DENVER — They were in Greece, in a café near Athens, when Hunter Kemper experienced firsthand the power and influence of a support system for an Olympian. The power of family.
This being Colorado, home of Olympic City USA, you might know Hunter: four-time Olympian, first U.S. male triathlete to rank No. 1 in the world, most decorated triathlete in U.S. history.
He’s kind of a big deal.
And on this big day he was deep in the dumps: “Finished ninth. I was crushed at the finish line.”
Post-race, Hunter turned to his sister: "I’ll never forget it. She said, 'Hey, do the math: 17th last time (in 2000), ninth this time (2004). Move up eight spots, you'll win in Beijing (2008).'"
Hey, even the great ones need a kick in the pants from time to time. But at the 2020 Tokyo Games, the usual support won't be as available.
Less than a month shy of the opening ceremony at the Tokyo Games, and the rare athlete to compete in four Games says a defining trait of the next Olympiad will be who’s not there. Family. Fans. Support systems. Almost everyone who was there the entire journey ... until the Olympics themselves. Japan has banned overseas spectators from entering the country, supposedly due to COVID-19 concerns.
Hunter’s parents, wife and other extended family attended all four of his Olympic Games.
“Can you imagine being someone who’s helped and supported you and helped you get to this point, the ultimate stage, since you’ve been young — and then they can't go?” Kemper told me the other day. “That’s their ultimate too. It’s tough. That’s a tough deal, no way around it.”
Let’s not get it twisted: these athletes are grateful simply to compete again, Kemper says. To a man and woman they would vote to go forth and compete, particularly given the year's delay that moved the 2020 Games to 2021.
But there is an emotional and, yes, competitive factor involved with the banning of overseas spectators. For some athletes it’s the first time their “team” won’t be alongside in support.
“Who handles that the best? It’s going to be very different than what these athletes have ever experienced,” says Kemper, whose family has lived in Colorado for decades but soon is relocating to Grand Rapids, Mich. “Who’s most comfortable in that environment will succeed.”
Speaking of successes, make the trip to Colorado Springs to check out the U.S. Olympic and Paralympic Museum. Goodness gracious check out the museum. The 60,000-square foot masterpiece is hosting a sort of summerlong grand opening, the ideal time to discover the magic inside. Michael Johnson’s gold shoes. The Miracle on Ice scoreboard — showing 3 seconds on the clock — with an Al Michaels voiceover: “Do you believe in miracles?!” Every medal from the 1896 Games in Athens to the 2018 Games in Pyeongchang. Shoot, you can take part in a virtual competition with an Olympic archer, or virtually race the one-and-only Jesse Owens.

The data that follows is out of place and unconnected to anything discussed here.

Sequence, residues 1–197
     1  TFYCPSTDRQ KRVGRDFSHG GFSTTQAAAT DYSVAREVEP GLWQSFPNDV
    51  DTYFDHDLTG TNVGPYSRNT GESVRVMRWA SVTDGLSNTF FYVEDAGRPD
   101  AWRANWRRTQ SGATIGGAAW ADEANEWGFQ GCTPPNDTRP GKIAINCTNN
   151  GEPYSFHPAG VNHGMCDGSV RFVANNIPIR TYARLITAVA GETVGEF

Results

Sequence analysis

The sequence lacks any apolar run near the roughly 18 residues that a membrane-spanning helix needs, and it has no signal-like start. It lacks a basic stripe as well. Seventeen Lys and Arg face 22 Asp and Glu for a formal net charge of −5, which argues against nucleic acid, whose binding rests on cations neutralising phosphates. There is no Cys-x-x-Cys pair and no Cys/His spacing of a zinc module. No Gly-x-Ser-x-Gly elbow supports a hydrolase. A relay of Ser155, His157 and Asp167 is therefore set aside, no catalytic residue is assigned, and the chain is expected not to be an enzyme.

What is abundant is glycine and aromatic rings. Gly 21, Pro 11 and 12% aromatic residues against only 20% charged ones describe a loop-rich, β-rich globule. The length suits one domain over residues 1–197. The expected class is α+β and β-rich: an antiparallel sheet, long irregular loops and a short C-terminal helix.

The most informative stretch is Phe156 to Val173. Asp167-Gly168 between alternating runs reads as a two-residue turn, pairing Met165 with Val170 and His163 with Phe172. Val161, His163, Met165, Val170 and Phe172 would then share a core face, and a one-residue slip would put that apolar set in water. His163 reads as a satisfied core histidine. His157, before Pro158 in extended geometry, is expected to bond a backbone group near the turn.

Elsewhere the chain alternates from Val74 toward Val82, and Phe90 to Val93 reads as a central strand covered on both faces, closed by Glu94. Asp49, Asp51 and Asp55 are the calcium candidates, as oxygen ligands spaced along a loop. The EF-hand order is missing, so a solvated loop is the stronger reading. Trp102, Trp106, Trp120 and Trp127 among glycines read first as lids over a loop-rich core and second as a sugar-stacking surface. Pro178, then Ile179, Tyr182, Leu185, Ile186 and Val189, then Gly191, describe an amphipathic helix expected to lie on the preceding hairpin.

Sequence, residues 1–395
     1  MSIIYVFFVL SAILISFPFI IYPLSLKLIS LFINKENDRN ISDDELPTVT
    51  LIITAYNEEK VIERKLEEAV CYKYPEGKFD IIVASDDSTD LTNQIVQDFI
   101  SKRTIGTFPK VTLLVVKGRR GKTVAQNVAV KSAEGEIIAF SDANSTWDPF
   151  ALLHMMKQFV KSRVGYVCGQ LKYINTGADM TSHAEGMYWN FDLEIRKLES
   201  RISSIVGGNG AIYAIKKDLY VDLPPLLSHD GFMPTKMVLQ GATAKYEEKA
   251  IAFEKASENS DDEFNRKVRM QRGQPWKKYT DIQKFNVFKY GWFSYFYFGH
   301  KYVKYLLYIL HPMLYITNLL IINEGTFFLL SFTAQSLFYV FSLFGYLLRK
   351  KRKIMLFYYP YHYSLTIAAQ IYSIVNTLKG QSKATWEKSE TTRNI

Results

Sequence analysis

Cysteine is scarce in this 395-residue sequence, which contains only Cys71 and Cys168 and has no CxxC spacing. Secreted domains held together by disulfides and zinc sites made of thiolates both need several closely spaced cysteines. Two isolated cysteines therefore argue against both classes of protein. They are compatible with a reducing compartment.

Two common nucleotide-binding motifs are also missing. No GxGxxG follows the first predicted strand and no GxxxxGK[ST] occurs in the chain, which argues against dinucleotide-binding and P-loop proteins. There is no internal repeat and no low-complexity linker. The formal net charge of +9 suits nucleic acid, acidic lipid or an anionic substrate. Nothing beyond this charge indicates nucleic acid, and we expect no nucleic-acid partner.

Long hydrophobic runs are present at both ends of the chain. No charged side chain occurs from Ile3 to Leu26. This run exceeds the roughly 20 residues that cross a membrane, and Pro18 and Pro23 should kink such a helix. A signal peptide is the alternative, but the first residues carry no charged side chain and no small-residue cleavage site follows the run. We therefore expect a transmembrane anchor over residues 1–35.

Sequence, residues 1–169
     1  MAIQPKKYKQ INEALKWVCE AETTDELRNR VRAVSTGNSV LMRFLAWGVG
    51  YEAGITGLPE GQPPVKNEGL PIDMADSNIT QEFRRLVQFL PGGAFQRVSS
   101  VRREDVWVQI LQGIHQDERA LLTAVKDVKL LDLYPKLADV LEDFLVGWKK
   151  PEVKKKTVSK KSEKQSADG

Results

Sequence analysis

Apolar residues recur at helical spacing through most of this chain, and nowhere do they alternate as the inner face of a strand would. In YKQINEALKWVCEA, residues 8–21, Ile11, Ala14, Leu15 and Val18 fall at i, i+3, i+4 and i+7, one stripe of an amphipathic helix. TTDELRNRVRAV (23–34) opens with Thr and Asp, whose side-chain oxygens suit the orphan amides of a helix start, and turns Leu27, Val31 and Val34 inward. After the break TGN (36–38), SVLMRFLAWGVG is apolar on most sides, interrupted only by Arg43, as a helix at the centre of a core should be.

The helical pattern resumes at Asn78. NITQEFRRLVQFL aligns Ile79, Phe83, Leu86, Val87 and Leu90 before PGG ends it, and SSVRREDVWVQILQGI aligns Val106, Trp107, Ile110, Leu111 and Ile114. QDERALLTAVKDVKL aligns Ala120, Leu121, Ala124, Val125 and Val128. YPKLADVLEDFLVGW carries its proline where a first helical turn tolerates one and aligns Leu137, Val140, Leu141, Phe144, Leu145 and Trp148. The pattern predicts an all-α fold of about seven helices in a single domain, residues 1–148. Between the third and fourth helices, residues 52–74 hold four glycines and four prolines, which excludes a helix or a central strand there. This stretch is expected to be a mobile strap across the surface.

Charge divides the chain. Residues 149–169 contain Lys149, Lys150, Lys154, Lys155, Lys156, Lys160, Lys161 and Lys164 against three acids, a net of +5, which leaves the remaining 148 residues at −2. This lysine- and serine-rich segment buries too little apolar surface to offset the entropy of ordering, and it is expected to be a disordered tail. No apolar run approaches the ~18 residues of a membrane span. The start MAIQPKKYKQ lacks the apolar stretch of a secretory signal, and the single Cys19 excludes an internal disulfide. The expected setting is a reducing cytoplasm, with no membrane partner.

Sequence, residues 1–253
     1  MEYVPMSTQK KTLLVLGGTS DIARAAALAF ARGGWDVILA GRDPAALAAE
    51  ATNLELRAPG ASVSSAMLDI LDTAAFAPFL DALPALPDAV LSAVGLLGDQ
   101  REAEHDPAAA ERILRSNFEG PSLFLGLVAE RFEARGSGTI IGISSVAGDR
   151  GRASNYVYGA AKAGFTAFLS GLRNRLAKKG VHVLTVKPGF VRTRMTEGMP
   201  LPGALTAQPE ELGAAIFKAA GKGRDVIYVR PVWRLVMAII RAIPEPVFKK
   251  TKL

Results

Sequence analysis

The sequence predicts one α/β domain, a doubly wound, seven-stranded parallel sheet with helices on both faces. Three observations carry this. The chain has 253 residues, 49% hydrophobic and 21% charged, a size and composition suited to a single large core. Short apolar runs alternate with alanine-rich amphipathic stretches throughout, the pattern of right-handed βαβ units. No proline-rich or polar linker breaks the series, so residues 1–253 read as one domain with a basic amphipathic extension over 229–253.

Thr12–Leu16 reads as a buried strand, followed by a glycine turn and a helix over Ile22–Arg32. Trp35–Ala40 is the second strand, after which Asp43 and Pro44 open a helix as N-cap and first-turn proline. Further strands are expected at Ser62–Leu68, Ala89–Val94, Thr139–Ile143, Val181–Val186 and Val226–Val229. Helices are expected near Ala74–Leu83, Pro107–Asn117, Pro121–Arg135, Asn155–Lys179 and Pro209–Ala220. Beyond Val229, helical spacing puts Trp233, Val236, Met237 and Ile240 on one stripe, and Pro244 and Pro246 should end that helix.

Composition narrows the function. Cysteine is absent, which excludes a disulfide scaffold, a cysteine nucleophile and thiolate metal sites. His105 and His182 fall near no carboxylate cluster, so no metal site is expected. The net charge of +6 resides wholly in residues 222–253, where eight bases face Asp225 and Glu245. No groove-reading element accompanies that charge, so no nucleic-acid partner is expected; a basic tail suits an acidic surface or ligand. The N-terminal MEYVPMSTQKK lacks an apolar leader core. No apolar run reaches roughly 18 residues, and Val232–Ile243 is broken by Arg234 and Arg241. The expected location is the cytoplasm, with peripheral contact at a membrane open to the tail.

“You can’t beat Jesse, by the way,” Kemper says with a laugh. He served on the museum's board for roughly 3 1/2 years and has great pride in the final product.
“You have to see this museum. The whole experience is absolutely amazing,” he says.
About the only feature missing from the U.S. Olympic and Paralympic Museum is a firsthand account of Kemper’s Olympics debut — the 2000 Games in Sydney. On the steps of the famed Opera House, the starting line, the triathlete noticed men armed with weapons and sonar devices. Ninety minutes before the race, Kemper asked around: “What’s the deal with the wet suits and guns?”
His reply: “I would rather have not known that.”
Few people grasp the dynamics and logistics of an Olympiad like a four-time competitor. This one has high hopes for the Japan games that open July 23: “I think it’s much needed. I think these Games are going to be great, and I think it's an opportunity for our world to come together. It’s a been tough time. We’ve gone through a tough stretch. It’s not ideal. It’s probably the last thing you want (is a pandemic). But of all places, Japan is so organized, so detailed, they’ll have it right.”
What’s missing, however, will be conspicuous in its absence: support systems. Take it from an Olympics lifer. It was 2005 when Kemper finished 43rd at the world championships, and wife Valerie, an elite athlete in her own right, raised him up with a pep talk: “It was one bad race. That’s not you. Time to move forward.”
Val, an All-American volleyball star at Michigan State, convinced her husband to fly to Beijing to scout the next triathlon course. Exactly seven days later he won the Beijing triathlon.
“If my wife wasn’t there with me,” he says, “I would’ve gone home. I wouldn’t have competed.”
Good reminder when we’re watching the 2020 Olympics on NBC. The parents, grandparents, kids, friends, trainers, nutritionists, whoever, will not be there in Tokyo. But they always were.
“This year when you get off the track, off the diving board, it will be on Zoom,” Kemper says.